CNN — Disgraced former Rep. Anthony Weiner may seek political redemption by running this year for New York City mayor, but a new poll of city residents suggests many of them may not be ready to forgive him.
If he does run though, an NBC New York-Marist Poll released late Tuesday night indicates Weiner would shake up the battle for the Democratic mayoral nomination.
The congressman, who was in his seventh term representing parts of the New York City boroughs of Queens and Brooklyn, resigned from the House in 2011 amid scandal over a lewd photo sent via Twitter. But he confirmed last week in an interview along with wife Huma Abedin, a close aide to former Secretary of State Hillary Clinton, that he's considering a mayoral bid.
Sunday Weiner released a document detailing a plan to restore the city as a place for middle class families, and in a TV interview the next day on cable channel NY1 he apologized to everyone he lied to as his Twitter scandal unfolded. He said that none of the six women whom he engaged in electronic sexual chatter were underage.
According to the poll, 37% of New Yorkers want Weiner to run for mayor, with 47% saying they don't want to see him become a candidate for mayor this year, and 16% undecided. But that's an improvement from last October, when a Marist poll indicated that only one in four citywide wanted Weiner to run.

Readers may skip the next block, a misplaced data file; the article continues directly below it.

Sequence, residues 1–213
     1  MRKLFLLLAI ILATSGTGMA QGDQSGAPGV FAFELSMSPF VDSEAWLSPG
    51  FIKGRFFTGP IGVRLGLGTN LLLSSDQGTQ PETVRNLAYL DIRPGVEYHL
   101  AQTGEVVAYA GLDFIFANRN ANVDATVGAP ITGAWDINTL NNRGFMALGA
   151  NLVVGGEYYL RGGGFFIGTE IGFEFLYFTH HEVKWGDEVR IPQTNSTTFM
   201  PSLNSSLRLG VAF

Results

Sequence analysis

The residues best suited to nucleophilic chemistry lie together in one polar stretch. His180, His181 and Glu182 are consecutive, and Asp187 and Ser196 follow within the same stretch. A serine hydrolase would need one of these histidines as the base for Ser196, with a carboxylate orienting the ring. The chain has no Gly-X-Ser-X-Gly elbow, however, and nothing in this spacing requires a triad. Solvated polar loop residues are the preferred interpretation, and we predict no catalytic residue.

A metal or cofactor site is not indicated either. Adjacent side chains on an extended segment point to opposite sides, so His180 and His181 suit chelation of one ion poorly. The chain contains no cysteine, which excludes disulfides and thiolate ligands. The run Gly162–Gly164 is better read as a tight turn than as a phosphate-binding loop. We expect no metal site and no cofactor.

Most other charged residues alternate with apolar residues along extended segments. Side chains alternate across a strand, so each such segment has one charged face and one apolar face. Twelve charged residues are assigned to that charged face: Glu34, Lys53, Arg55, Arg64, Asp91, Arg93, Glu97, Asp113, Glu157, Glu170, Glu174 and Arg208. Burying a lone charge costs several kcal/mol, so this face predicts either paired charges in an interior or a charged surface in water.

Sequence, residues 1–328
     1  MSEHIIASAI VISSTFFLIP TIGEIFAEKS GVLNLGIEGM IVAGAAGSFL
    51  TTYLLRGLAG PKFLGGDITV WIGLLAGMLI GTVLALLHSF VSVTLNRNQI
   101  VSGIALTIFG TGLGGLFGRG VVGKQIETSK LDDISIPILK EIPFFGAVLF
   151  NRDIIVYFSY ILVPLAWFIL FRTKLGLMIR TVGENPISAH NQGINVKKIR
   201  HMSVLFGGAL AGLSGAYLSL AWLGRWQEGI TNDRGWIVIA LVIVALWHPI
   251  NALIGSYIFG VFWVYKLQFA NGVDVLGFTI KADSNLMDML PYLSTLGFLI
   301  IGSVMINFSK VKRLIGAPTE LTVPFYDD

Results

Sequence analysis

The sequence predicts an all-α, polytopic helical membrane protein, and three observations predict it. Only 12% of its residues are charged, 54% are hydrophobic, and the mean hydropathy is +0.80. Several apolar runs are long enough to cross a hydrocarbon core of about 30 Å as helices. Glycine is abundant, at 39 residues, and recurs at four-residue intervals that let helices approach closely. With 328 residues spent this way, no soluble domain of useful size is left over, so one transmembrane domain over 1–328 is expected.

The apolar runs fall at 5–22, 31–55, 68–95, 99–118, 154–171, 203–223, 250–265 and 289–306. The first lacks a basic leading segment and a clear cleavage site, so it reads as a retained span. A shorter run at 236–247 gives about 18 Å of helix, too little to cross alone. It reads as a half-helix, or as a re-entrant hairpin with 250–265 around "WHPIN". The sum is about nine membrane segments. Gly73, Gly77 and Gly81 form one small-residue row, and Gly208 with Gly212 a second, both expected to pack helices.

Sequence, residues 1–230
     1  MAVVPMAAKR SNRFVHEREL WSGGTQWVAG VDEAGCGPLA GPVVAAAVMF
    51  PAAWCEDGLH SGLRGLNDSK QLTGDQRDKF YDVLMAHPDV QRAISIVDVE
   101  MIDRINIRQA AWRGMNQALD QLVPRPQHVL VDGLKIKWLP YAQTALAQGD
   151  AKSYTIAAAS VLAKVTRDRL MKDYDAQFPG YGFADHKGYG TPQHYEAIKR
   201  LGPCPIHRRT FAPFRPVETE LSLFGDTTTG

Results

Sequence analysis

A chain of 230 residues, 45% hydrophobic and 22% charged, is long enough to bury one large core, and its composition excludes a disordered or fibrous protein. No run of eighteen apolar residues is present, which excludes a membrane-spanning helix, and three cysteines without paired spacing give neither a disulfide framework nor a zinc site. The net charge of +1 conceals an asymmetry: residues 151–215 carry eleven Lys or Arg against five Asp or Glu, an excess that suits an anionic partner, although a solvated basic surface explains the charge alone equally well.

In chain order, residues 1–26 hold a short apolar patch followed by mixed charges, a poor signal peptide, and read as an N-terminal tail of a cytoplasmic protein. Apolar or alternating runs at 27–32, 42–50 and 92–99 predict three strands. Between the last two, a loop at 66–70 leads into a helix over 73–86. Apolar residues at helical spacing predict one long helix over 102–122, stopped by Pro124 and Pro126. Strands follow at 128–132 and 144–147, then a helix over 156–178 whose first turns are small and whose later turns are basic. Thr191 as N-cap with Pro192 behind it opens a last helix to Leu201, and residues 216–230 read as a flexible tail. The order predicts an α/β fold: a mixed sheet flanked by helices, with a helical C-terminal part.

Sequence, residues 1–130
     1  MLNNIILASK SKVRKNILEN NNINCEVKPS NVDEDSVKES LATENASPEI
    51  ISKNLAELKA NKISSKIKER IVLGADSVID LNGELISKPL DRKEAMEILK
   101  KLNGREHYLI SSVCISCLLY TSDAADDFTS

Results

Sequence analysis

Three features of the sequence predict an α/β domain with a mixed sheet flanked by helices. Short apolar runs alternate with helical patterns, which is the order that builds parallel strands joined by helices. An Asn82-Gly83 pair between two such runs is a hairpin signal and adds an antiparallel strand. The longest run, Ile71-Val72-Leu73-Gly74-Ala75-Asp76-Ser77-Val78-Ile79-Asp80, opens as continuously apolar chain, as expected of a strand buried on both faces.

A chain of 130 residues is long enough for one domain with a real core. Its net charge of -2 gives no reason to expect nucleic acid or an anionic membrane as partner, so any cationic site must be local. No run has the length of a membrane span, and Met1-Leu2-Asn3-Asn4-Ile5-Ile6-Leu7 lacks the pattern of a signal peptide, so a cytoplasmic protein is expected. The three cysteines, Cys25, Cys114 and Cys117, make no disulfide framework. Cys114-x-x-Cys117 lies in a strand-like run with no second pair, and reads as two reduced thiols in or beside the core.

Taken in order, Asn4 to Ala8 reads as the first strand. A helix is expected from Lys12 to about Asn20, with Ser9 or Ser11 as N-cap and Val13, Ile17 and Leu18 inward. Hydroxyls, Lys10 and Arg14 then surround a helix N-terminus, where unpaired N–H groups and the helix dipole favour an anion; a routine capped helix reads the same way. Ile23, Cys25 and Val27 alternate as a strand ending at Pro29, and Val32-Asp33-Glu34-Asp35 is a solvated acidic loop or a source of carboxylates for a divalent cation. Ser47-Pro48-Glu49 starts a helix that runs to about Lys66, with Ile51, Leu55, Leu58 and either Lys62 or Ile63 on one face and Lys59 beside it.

Among registered Democrats, four in ten want Weiner to run, with 46% saying no and 14% undecided. The 40% of Democrats who want Weiner to launch a mayoral bid is up from 28% in the October poll.
The new poll also indicates that Weiner's favorable ratings have improved from last fall, with 45% of Democrats and 39% of all city voters holding a positive view of the former congressman, who launched but later dropped a bid for New York City mayor for the 2009 election.
Has Weiner changed as a person in the two years since the scandal that forced him to resign from Congress?
Thirty-seven percent of Democrats say yes, with 32% saying no and 31% unsure. Among all New York City voters, a third say Weiner's changed as a person, with an equal amount saying he has not and another third unsure.
If Weiner ends up running, the poll suggests he would alter the current state of the race for the Democratic nomination. Without Weiner in the contest, the survey indicates City Council President Christine Quinn at 30% among Democratic voters, 15 percentage points ahead of all the other candidates. But when Weiner's name is added to the mix, Quinn drops to 26%, with Weiner in second at 15%, three points ahead of the next closest candidate.
Quinn has long been the Democratic front-runner in the race, and if she's elected in November, she'll become Gotham's first female and first openly gay mayor.
The NBC New York/Marist Poll was conducted April 11-15, with 1,127 New York City adults questioned by telephone. The survey's overall sampling error is 2.9 percentage points.
CNN's Kevin Liptak contributed to this report.
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From CNN Political Editor Paul Steinhauser